Hyponatraemia is defined as a serum sodium level <135mmol/L. It is often caused by a failure to excrete water normally (e.g. SIADH).6

Treatment can vary according to the underlying cause and the patient’s fluid status. Again, it is important to regularly monitor sodium levels to avoid rapid correction.

For more information, see our guide to hyponatraemia.Β 


Derangements in potassium levels are common in hospital inpatients. Under physiological conditions, potassium is stored almost entirely intracellularly and is excreted by the kidneys. Derangements in potassium levels cause myocardial instability, leading to risks of potentially fatal arrhythmias.Β 


Hyperkalaemia is defined as serum potassium >5.5mmol/L. It can be further classified in terms of severity as per European Resuscitation Council guidelines:

  • Mild: 5.5-5.9 mmol/L
  • Moderate: 6.0-6.4 mmol/L
  • Severe: >6.5 mmol/L

Causes of hyperkalaemia can be varied:

  • Renal: decreased renal excretion (e.g. AKI or CKD)
  • Medications: ACE inhibitors, potassium-sparing diuretics, potassium supplements
  • Tissue damage: burns, rhabdomyolysis
  • Metabolic: diabetic ketoacidosis
  • Endocrine: Addison’s disease

Severe hyperkalaemia is a medical emergency requiring immediate management. If ECG changes occur, the most critical initial step is administering intravenous calcium gluconate, stabilising the myocardium. Once this is administered, treatment focuses on lowering the serum potassium concentration, often via insulin/dextrose infusion.

For more information, see our guide to hyperkalaemia.

ECG features of hyperkalaemia

The cardinal features of hyperkalaemia on the ECG are peaked T waves, prolonged PR interval and widened QRS complexes.

ECG changes in hyperkalaemia
Progression of ECG changes in hyperkalaemia


Hypokalaemia is defined as serum potassium <3.5mmol/L. Severe hypokalaemia is defined as a serum potassium level <3.0mmol/L, which can destabilise the myocardium.

ECG changes associated with hypokalaemia include PR prolongation, widespread ST depression / T wave flattening and prominent U waves.

Causes of hypokalaemia

Gastrointestinal potassium loss

Lower gastrointestinal losses are relatively high in potassium, and prolonged diarrhoea can cause significant hypokalaemia.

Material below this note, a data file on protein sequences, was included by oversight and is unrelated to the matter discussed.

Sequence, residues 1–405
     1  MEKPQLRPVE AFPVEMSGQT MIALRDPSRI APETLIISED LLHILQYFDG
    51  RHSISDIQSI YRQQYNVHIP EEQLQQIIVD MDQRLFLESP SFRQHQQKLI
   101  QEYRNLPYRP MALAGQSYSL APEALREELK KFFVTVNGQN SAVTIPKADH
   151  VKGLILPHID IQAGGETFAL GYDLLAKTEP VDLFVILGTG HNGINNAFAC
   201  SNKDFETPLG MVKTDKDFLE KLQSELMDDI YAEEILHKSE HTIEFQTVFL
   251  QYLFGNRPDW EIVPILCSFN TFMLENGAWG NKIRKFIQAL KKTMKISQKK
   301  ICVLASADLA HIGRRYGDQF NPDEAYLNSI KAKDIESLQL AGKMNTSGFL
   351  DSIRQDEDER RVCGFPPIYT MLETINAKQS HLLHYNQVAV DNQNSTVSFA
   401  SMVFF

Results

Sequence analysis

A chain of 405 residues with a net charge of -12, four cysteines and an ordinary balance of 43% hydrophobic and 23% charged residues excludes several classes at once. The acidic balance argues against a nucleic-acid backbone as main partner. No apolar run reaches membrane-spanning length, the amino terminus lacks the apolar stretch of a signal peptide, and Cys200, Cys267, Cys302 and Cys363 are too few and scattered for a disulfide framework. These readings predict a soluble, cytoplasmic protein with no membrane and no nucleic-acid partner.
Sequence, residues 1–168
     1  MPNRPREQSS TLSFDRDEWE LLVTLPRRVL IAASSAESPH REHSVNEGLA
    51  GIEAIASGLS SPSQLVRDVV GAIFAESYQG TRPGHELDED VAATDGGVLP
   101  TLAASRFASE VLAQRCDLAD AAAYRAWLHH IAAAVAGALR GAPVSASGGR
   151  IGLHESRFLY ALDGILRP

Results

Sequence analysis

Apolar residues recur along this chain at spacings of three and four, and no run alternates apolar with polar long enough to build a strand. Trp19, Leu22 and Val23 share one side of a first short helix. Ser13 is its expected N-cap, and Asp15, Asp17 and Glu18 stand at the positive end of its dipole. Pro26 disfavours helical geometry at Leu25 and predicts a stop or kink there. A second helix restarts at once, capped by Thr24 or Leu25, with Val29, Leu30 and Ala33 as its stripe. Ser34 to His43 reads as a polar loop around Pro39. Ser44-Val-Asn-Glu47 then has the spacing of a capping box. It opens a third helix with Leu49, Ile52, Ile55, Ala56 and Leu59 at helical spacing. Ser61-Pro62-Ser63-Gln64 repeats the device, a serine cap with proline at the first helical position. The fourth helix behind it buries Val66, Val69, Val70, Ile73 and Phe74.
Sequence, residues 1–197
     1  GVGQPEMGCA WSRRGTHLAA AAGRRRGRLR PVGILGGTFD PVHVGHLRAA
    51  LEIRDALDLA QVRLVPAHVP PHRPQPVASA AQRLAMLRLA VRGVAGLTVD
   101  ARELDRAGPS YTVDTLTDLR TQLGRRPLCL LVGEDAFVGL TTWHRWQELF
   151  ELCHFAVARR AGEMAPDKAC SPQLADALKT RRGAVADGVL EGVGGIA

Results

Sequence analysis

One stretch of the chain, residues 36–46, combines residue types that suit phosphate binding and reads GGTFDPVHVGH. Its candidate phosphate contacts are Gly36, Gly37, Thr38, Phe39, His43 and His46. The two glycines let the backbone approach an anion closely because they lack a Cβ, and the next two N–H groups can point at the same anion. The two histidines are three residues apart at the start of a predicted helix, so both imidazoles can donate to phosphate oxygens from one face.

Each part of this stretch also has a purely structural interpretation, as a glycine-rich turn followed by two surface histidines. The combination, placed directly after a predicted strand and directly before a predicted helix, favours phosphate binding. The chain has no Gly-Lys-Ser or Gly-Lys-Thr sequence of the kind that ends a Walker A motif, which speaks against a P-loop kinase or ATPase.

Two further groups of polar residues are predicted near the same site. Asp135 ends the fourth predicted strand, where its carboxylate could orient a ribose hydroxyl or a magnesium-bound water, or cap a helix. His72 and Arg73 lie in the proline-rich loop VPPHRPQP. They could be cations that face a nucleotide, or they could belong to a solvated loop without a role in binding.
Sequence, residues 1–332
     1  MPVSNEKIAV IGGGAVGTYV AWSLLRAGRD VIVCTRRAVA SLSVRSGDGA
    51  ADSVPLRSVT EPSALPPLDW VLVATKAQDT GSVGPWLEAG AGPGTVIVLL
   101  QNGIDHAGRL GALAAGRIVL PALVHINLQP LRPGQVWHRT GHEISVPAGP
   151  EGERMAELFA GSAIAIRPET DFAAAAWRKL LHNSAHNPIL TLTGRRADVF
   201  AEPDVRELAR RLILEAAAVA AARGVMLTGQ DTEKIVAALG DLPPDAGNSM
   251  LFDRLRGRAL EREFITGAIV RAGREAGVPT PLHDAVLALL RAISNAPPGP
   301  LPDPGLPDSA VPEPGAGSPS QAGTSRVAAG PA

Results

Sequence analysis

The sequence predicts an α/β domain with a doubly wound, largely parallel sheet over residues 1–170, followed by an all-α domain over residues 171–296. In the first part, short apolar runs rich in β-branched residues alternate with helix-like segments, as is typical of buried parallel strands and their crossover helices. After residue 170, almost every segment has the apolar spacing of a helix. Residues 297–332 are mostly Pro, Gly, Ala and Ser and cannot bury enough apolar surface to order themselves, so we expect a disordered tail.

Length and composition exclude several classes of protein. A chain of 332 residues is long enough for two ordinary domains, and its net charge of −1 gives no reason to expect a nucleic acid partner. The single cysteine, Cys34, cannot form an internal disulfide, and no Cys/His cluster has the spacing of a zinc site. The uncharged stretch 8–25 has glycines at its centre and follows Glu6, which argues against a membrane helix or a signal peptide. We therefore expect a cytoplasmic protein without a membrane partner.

Upper gastrointestinal losses are relatively low in potassium. However, prolonged vomiting can also lead to hypokalaemia. This occurs due to metabolic alkalosis secondary to gastric acid loss. Excess potassium is excreted from the kidney as part of the renal compensatory mechanism to correct the alkalosis.

Renal potassium loss

Renal potassium wasting occurs most commonly due to the effect of medications such as loop diuretics (e.g. furosemide) and thiazide diuretics (e.g. indapamide). Other causes include increased mineralocorticoid activity or renal tubular acidosis (type I / II).

Intracellular potassium accumulation

High extracellular pH (alkalosis), elevated beta-adrenergic activity or increased availability of insulin will act to drive potassium into cells.


Management of hypokalaemia involves intravenous or oral potassium replacement alongside treatment of the underlying cause:8

  • If potassium is >3mmol/L, the patient is asymptomatic, and there are no ECG changes, oral potassium replacement can be given.
  • If potassium is <3mmol/L (severe hypokalaemia) or ECG changes are present, intravenous potassium replacement is indicated.

Approach to U&E interpretation

Step 1: Assess urea, creatinine & eGFR

Assessing the urea and creatinine in conjunction can allow you to determine whether there is potential kidney injury/damage. If both are raised, this suggests renal dysfunction and the eGFR will be low.

Remember, an isolated raised urea can indicate dehydration or upper gastrointestinal bleeding.

Step 2: Compare to previous creatinine / eGFR

Without a factor leading to an inaccurate eGFR calculation (e.g. obesity), a high creatinine and low eGFR suggest renal dysfunction.

It is then important to assess whether this is acute (i.e. acute kidney injury) or longstanding (i.e. chronic kidney disease).


Acute kidney injury (AKI) is a rapid worsening of renal function and a common complication among hospital inpatients. It is most commonly diagnosed when there is a creatinine rise of 1.5x from baseline and can be staged according to the severity of the creatinine rise.

Chronic kidney disease (CKD) can be diagnosed when two blood tests, three months apart, show a reduction in renal function, leading to health implications. Again, the severity of creatinine rise (and thus eGFR fall) is used to stage the disease.

Step 3: Assess electrolytes

Both AKI and CKD can be associated with electrolyte disturbances, which can be life-threatening (e.g. severe hyperkalaemia). Once you have established a diagnosis of AKI or CKD, assessing sodium and potassium levels and appropriately managing abnormalities is important.

Tip: In renal dysfunction, there can also be significant disturbances in calcium and phosphate levels, therefore it is important to request a bone profile.


Dr Chris Jefferies


  1. UpToDate. Assessment of kidney function. March 2023. Available from: [LINK]
  2. UK Kidney Association. About eGFR. June 2023. Available from: [LINK]
  3. South Tees Hospitals NHS Foundation Trust. Urea. April 2022. Available from: [LINK]
  4. UpToDate. Manifestations of hyponatremia and hypernatremia in adults. January 2022. Available from: [LINK]
  5. UpToDate. Treatment of hypernatremia in adults. Sept 2021. Available from: [LINK]
  6. UpToDate. Diagnostic evaluation of adults with hyponatremia. June 2022. Available from: [LINK]
  7. UpToDate. Causes of hypokalemia in adults. May 2022. Available from: [LINK]
  8. UpToDate. Clinical manifestations and treatment of hypokalemia in adults. November 2021. Available from: [LINK]